“Agricultural commodities could offer a hedge against inflation”: the report by Aneeka Gupta, director and macroeconomic Research (WisdomTree)
While theinflation gallops and breaks through the roof by 7%, the war between Russia and Ukraine advances and the stock markets suffer sharp falls, the question that arises spontaneously is: in such a volatile climate where should you invest your savings? In this regard, Aneeka Gupta, Director, Macroeconomic Research of WisdomTree, analyzes what are the guidelines to follow regarding: “profitable” investments e agricultural raw materials. Commodities which in 2022 have recorded excellent performances and which could represent one “safe” shielddespite the volatility dictated by the weather conditions, against inflationary speculations.
THE agricultural commodity prices they were pushed further up by the rise in prices of cereals and oilseeds. In a period of about 13.88% sell-off in global equities with skyrocketing inflation and tightening liquidity conditions, the price of agricultural commodities rose 26.8%.
There is a number of supply-side and war-related issues that are likely to continue fuel prices: increased protectionism and fertilizer costs, changes in mandates related to biofuels and adverse weather conditions, to name a few. The conflict between Russia and Ukraine has produced ripple effects, from disruption of supply chains to rising fertilizer costs.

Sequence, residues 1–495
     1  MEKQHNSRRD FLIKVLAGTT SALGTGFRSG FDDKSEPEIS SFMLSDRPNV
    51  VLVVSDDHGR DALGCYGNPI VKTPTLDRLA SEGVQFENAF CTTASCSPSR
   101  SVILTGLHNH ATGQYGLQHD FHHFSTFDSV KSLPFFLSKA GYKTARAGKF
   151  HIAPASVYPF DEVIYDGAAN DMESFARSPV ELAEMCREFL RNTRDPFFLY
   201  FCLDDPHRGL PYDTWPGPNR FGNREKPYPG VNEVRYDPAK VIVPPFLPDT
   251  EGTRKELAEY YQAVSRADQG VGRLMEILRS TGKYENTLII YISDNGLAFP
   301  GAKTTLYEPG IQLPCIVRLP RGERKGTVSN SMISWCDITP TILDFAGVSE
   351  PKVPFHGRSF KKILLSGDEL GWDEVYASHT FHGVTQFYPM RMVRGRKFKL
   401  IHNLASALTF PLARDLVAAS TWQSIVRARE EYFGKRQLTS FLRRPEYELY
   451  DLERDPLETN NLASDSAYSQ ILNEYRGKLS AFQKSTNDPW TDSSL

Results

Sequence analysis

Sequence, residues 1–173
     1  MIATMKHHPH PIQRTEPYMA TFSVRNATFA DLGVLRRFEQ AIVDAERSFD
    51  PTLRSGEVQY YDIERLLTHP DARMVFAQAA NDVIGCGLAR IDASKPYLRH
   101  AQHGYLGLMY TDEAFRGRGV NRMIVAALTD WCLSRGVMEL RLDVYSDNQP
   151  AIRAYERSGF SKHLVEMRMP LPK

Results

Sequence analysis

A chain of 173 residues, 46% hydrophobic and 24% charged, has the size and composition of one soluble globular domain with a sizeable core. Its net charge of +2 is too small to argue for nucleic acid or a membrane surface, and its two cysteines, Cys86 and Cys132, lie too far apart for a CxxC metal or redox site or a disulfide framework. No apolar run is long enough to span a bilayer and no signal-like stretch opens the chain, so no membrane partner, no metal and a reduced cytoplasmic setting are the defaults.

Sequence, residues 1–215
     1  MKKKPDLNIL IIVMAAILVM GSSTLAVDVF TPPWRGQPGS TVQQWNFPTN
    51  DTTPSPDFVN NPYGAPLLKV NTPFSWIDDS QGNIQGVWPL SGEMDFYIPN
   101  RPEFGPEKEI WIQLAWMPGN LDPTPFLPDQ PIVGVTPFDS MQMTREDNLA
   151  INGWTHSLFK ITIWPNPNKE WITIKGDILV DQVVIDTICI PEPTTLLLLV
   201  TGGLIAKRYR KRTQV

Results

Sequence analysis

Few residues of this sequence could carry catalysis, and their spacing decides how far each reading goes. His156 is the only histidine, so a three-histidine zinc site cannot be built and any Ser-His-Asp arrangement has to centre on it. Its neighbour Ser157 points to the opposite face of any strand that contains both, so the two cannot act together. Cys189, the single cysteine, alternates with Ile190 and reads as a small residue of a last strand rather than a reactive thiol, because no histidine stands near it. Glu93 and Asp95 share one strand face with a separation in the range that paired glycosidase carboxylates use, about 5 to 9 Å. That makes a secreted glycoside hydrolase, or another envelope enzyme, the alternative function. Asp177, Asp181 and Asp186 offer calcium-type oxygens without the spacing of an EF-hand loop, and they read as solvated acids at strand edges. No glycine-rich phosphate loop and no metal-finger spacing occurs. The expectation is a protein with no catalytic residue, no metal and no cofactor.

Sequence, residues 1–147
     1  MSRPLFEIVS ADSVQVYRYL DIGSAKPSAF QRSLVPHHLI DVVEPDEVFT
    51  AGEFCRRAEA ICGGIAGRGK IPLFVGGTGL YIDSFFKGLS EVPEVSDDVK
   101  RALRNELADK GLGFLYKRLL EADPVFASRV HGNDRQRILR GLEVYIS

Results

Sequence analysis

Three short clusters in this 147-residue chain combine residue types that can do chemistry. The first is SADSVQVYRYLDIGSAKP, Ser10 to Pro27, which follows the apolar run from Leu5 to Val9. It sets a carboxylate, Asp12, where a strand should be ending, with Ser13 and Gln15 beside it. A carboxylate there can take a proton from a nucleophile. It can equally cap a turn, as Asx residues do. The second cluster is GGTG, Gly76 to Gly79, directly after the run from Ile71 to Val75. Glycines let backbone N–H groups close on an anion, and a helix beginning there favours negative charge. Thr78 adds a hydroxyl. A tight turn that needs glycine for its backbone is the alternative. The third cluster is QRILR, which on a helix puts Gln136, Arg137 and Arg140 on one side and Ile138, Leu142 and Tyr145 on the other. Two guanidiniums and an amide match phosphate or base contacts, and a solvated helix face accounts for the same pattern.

Rising protectionism pushes agricultural commodity prices up further
The perturbations related to the war have also triggered a phase of protectionism: to cite a few examples relating to 2022, India, the third largest producer of wheat in the world, has announced which allegedly applied export restrictions to manage national grain stocks, thus causing a sharp spike in wheat prices.
On April 28, Indonesia also announced a ban on exports of palm oil, but on May 19 he revoked it following the protests of hundreds of farmers who formed a common front against this political choice. In a market as small as oilseeds, the initial announcement sent the price of soybean oil, an alternative to palm oil, skyrocketing.
Tighter biofuel blending mandates will boost demand for corn and soybean oil
Even the changes made to the mixing obligations they should fuel the demand for agricultural commodities. The United States is the world’s largest market for biofuels, and the Biden administration is ordering refineries to promote their use, including the use of corn-based ethanol, for example.
The United States Environmental Protection Agency asks the refineries to mix 20.63 billion gallons of renewable fuels for gasoline and diesel this year, an increase of 9.5% from last year’s target; in doing so you will exercise a certain pressure on refineries, resulting in a positive net impact for the biofuel industry. Cereals such as corn will benefit due to their high starch content and relative ease of conversion to ethanol.
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